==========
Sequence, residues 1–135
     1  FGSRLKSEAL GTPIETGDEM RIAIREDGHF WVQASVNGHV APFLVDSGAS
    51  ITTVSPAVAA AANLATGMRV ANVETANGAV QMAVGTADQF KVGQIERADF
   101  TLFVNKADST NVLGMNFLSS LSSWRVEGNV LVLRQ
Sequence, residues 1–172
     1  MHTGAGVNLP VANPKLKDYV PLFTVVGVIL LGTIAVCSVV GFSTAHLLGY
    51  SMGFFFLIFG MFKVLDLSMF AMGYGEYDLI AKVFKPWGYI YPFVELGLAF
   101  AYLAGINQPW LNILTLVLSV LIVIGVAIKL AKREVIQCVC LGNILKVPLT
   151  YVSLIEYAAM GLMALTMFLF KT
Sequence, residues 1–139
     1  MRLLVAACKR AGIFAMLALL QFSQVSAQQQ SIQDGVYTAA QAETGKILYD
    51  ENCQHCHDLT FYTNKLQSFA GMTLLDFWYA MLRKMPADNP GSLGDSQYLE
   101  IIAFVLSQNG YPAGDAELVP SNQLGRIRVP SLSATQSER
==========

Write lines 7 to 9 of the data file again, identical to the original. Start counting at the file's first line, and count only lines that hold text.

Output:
    51  SMGFFFLIFG MFKVLDLSMF AMGYGEYDLI AKVFKPWGYI YPFVELGLAF
   101  AYLAGINQPW LNILTLVLSV LIVIGVAIKL AKREVIQCVC LGNILKVPLT
   151  YVSLIEYAAM GLMALTMFLF KT